It’s easy to see why plain old deceit would damage a relationship. Sometimes both partners are guilty of this behavior. It is particularly endemic to relationships where “winner take all” arguments dominate. Bill secretly supports his alcoholic brother while he is unemployed and attending AA. Sally takes their 7 year old to be evaluated privately for possible dyslexia, which is confirmed. They each blow up when these secrets are revealed but each lay claims of entitlement since the other would not permit such expenditures. Disclosure would only end up in a heated win/lose battle. Each person’s deceit in turn makes it difficult to focus on the problems of Bill’s brother or their own son.
Lies uttered to maintain the peace are a breach of trust. Although they are harmful over time, they don’t have to ruin a relationship. Once they are exposed the needs that prompted the lying can be worked on.
There is another kind of lying that should concern a partner. There are people who lie all the time. Chronic liars spin mistruths even when there is no apparent threat to the relationship. The liar increasingly finds it difficult to know whether he/she is lying or telling the truth. This type of problem is not the partner’s fault, nor is it due to some deeper relationship problem. It is sometimes fundamental to the person’s character. Chronic lying is a pattern established early in childhood if parents are punitive, cold, authoritarian, or dismissive of feelings. The child learns to lie to look good, escape punishment, and to control his parents. In adulthood, the tendency to lie is hard to overcome even when the threat of punishment no longer exists. Professional help can often serve to break this pattern so that a more open, honest, and intimate conversation with a partner is possible.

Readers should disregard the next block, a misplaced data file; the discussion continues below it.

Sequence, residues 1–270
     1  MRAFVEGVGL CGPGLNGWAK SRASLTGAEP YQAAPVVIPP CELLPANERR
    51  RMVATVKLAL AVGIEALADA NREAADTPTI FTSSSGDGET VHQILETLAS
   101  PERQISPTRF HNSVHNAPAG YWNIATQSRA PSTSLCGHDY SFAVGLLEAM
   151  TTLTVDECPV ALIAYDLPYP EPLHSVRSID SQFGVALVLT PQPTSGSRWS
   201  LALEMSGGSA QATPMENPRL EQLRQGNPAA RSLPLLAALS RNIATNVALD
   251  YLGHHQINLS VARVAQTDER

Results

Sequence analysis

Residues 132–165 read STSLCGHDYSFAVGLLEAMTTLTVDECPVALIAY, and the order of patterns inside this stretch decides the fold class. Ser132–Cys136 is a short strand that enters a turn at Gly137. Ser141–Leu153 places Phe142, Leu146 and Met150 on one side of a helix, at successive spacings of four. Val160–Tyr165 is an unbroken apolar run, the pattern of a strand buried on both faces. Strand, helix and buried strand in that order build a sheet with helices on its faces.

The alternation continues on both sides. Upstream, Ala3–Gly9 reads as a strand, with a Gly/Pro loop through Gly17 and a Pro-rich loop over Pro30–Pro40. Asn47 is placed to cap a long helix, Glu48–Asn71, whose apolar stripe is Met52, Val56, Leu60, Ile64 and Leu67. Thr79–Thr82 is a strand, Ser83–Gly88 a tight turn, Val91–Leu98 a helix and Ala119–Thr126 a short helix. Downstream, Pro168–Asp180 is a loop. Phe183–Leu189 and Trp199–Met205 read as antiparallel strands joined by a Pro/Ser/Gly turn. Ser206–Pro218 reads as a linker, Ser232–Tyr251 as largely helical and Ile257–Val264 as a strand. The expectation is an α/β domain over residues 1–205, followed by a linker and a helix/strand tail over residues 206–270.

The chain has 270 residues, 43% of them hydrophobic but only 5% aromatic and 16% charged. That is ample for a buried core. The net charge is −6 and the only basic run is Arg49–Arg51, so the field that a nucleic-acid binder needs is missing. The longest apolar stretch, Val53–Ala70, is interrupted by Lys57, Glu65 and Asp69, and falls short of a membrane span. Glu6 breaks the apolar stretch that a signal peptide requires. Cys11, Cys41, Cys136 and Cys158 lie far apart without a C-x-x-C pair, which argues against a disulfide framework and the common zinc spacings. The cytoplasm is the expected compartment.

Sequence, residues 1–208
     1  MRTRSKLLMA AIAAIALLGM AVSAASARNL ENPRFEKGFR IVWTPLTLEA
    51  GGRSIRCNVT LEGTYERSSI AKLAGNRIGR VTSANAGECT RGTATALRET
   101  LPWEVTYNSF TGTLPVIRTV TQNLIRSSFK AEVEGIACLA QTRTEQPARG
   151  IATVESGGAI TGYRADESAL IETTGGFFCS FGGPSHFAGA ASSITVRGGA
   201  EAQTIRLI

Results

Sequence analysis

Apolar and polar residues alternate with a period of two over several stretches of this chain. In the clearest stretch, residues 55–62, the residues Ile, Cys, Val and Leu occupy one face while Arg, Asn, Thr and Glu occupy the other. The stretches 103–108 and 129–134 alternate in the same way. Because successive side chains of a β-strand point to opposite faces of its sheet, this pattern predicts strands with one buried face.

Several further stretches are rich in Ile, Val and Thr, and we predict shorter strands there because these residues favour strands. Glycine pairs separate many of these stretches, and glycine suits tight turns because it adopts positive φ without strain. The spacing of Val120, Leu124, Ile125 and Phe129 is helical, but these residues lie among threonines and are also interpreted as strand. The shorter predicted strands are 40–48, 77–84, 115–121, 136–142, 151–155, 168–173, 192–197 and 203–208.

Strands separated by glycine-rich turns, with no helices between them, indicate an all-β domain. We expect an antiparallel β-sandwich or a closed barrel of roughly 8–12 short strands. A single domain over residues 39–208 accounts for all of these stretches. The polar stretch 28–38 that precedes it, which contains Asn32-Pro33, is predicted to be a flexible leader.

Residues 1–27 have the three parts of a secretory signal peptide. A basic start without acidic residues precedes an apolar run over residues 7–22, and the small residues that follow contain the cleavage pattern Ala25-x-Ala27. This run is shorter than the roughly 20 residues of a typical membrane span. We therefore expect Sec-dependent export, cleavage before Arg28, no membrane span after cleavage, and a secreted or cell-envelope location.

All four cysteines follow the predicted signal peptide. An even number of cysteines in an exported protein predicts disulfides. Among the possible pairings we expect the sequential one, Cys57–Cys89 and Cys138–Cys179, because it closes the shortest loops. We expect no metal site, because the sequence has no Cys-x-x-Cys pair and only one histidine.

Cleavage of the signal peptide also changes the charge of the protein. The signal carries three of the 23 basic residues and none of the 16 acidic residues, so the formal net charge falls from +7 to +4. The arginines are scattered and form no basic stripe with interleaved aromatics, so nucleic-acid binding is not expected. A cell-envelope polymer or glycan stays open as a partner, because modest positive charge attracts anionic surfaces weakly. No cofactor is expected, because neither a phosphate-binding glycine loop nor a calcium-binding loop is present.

Coalitions Against the Partner
In a partnership there is only one side to be on…each other’s. People lose sight of this fundamental premise of marriage. Wives form coalitions with their mothers against husbands, and husbands join hands with their mothers against wives. A common example would be found where the wife doesn’t “get along” with her mother-in-law, who always seems to butt in. The husband, feeling called to mediate between the two women, betrays his wife by siding with his mother (“She’s just trying to help”, “Don’t be so sensitive”). This dynamic is the cause of the battle in the first place. The women are vying to come first in the man’s life. It is the husband’s responsibility to send his mother a clear message that his wife is in first place and will remain so.
The husband also needs to keep quiet about intimate details of his married life, in particular when conflict arises. He may need to cut back on how much time he spends with his mother if it is interfering with his marriage.
Absenteeism or Coldness
Emotional absenteeism doesn’t have to be dramatic and it often isn’t. It can be as simple as turning away on a consistent basis when a partner needs emotional support about mundane events, such as a friend standing a partner up, or giving a speech. A committed relationship requires being there for one another through both life changing traumas and everyday stresses. It also means sharing in your partner’s joy when good happens. It’s true that couples may have different needs for expressiveness. However, in a committed relationship a calibration occurs in which each learns what the other requires to feel loved, protected, and supported.